From January 29 to 31, the Walker closes out its annual Out There festival with RED-EYE to HAVRE de GRACE, a striking and surreal “action opera” that examines the bizarre circumstances surrounding the final days of Edgar Allen Poe. The piece is a collaboration between director/playwright Thaddeus Phillips’s theater collective, Lucidity Suitcase Intercontinental, and the Minneapolis-based musical duo Wilhelm Bros. & Co. Ahead of this weekend’s performances, I spoke to Phillips about his revisionist perspective on Poe, the explosive potential of stage space, the value of journeys in narrative, and more.
Sam Segal: Why Edgar Allan Poe?
Thaddeus Phillips: My interest really began when I learned about Poe’s last days being lost and confused on trains between Baltimore, Philadelphia, and New York—a final train journey that led to his death. The image of him on a train in 1849 is downright fascinating. This musical action opera really starts with that image, not Poe himself. When we started to research Poe, we discovered something very different than we had been taught about him—a witty, funny, and inquisitive writer who really explored almost everything and intuited the creation of the universe. So, we put all of that in the context of an artist trying to make ends meet on a train.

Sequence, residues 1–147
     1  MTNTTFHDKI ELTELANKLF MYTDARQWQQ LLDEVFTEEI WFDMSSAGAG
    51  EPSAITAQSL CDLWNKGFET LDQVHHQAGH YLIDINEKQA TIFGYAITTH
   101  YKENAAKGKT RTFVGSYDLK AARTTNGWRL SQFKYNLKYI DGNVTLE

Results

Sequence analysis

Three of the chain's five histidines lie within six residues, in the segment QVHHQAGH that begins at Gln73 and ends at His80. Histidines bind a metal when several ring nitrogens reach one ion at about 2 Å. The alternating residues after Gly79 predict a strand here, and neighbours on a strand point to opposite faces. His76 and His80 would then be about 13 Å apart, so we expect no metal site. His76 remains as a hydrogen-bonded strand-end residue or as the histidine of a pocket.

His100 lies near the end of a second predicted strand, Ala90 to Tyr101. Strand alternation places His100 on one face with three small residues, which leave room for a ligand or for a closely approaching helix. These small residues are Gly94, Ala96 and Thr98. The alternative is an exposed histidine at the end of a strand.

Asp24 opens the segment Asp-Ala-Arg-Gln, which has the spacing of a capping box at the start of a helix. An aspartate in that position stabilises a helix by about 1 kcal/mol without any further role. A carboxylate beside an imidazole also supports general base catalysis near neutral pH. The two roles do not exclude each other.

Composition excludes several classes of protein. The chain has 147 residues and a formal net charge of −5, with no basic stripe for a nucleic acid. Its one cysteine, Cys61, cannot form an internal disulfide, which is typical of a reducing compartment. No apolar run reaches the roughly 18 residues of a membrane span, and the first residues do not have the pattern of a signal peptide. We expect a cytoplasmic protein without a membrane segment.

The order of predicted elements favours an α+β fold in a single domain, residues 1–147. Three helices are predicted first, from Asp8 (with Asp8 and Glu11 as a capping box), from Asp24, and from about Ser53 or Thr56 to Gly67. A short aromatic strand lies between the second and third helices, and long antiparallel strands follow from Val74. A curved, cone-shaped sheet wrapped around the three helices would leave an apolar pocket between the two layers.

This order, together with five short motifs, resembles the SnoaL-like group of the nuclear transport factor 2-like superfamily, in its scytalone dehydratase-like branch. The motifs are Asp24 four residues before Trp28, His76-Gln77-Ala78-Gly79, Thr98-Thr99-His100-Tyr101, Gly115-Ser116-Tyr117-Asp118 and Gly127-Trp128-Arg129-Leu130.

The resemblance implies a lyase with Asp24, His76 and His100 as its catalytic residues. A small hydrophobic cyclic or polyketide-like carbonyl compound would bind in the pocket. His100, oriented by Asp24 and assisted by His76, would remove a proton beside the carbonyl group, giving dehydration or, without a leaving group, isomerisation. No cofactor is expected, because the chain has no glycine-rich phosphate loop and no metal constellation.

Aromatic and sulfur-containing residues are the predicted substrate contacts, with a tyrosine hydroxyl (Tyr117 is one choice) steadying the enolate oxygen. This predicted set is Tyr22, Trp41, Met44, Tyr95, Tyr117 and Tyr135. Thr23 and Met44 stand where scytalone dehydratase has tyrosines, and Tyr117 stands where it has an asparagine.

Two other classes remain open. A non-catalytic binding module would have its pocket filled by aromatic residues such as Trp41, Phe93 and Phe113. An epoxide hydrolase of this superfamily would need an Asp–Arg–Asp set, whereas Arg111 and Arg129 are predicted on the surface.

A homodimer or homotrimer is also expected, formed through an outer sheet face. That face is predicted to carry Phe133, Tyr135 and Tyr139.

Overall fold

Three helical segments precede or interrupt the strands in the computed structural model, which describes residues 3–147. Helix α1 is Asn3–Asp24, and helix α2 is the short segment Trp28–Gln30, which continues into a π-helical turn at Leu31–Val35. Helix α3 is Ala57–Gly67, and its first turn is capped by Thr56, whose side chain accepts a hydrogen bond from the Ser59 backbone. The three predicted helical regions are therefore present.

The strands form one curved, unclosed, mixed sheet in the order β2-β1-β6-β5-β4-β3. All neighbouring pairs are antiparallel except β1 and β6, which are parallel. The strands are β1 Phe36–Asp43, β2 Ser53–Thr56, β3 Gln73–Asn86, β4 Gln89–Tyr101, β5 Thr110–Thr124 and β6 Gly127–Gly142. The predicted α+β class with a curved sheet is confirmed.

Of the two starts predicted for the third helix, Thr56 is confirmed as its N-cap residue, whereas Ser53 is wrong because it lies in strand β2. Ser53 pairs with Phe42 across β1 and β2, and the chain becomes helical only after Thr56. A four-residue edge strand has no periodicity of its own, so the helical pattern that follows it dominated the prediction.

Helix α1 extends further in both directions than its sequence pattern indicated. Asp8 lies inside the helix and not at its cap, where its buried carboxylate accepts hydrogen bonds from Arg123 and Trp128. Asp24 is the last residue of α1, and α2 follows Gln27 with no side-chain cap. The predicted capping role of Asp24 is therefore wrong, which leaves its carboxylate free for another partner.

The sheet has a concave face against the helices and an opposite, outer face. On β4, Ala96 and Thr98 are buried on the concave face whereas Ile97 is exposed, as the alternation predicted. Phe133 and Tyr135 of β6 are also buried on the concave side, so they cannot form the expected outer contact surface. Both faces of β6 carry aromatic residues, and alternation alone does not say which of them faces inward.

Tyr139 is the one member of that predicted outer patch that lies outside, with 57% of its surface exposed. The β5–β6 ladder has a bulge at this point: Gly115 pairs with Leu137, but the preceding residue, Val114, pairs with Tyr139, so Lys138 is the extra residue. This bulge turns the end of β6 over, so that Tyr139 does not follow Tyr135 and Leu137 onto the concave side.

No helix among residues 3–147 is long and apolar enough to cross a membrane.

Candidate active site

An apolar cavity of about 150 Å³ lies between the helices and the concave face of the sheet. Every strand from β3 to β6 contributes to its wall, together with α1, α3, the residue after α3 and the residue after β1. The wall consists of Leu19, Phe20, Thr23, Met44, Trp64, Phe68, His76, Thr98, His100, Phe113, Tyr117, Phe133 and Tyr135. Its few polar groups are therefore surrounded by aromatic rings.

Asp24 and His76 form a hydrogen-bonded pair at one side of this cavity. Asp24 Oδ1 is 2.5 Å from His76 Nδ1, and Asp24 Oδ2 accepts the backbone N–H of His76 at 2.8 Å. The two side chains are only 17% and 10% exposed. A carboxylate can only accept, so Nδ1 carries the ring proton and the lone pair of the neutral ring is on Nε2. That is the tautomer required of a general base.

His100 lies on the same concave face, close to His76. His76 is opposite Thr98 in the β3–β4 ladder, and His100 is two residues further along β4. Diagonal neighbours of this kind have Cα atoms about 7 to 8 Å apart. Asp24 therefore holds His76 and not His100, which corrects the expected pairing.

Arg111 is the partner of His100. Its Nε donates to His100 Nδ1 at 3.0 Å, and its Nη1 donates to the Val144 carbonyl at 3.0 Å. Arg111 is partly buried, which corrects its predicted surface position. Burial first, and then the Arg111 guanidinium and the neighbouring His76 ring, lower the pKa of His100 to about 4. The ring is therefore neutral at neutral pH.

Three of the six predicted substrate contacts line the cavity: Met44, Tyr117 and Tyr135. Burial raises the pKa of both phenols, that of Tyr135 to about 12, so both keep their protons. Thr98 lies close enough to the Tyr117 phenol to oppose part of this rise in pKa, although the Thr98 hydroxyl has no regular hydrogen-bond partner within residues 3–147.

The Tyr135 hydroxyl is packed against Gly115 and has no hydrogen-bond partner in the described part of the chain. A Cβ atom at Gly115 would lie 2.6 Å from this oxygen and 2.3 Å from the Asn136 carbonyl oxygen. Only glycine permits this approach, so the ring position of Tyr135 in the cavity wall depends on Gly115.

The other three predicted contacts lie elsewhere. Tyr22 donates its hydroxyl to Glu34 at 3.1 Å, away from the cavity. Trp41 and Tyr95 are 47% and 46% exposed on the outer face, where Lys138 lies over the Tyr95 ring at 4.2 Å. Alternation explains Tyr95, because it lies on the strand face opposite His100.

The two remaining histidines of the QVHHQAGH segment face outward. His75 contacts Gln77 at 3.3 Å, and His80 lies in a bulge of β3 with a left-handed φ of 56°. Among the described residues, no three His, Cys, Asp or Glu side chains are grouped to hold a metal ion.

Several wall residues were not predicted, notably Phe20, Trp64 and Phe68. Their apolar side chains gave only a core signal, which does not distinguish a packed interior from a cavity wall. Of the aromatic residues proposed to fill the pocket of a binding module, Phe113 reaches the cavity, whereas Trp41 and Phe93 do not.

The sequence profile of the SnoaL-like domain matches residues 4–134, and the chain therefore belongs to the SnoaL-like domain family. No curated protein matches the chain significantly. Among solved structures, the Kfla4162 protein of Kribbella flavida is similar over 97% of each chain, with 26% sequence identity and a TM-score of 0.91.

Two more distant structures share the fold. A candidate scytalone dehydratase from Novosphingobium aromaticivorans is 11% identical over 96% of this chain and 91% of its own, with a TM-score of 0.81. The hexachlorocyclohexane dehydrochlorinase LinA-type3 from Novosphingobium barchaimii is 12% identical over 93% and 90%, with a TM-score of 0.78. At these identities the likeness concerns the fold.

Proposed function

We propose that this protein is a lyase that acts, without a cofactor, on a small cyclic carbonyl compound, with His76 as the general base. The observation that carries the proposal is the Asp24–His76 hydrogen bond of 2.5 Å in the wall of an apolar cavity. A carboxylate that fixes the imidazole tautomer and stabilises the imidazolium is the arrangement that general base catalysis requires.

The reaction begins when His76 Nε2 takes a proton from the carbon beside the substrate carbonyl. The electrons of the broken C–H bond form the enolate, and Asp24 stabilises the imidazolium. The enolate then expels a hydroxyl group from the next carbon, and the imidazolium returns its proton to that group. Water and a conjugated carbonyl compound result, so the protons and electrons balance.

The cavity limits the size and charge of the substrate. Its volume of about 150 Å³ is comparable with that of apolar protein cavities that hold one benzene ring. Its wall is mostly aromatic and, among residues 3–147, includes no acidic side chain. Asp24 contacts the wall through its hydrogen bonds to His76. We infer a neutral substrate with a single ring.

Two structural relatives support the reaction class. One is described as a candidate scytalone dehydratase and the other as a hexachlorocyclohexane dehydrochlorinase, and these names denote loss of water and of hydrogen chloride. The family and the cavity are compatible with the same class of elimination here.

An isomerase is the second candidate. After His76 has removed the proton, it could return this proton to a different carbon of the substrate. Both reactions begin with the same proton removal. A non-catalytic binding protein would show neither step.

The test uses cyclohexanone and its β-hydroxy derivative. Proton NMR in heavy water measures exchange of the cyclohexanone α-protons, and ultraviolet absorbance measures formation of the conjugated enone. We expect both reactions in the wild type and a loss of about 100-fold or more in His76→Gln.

Segal: Why did you decide to investigate Eureka and some of Poe’s other lesser known works?
Phillips: Poe has been locked into a cliché for all time, but when you peek behind the curtain of his known works, you discover a truly rounded, playful, mischievous thinker who played with ideas on furniture, fantasy, and the creation of the universe. It is without doubt that Eureka should be his best known work, not his brilliant, yet somewhat silly The Raven, which he wrote as a commercial hit to make money. In our US culture that, then and now, values first the commercial over the intellectual, real ideas that ask us to contemplate real questions about existence are swept under the rug for gossip, trends, and distractions.
Segal: RED-EYE to HAVRE de GRACE features only four cast members and a pretty limited number of props. What appeals to you about this kind of minimalist approach?
Phillips: This action opera only needs four people onstage; anyone else would be extraneous, as each of the four performers has a very defined and specific role in terms of the story, but more importantly, they each serve a specific dramaturgical and structural purpose. So, yes, this becomes a distilled minimalism that is the best tool for devising theater, as it forces the creative team to work with limited resources to maximum potential, creating an action-packed yet refined performance that relies on creativity, transformation, evocative design, and integrated music. Working minimally also allows for maximum use of each object and every inch of stage space, which makes the stage a canvas where the placement of everything has a reason and meaning and must transform from one thing to the next. RED EYE to HAVRE de GRACE is a much richer, fuller, and dynamic work, dramatically, musically, and visually, because we chose to do so much with so little.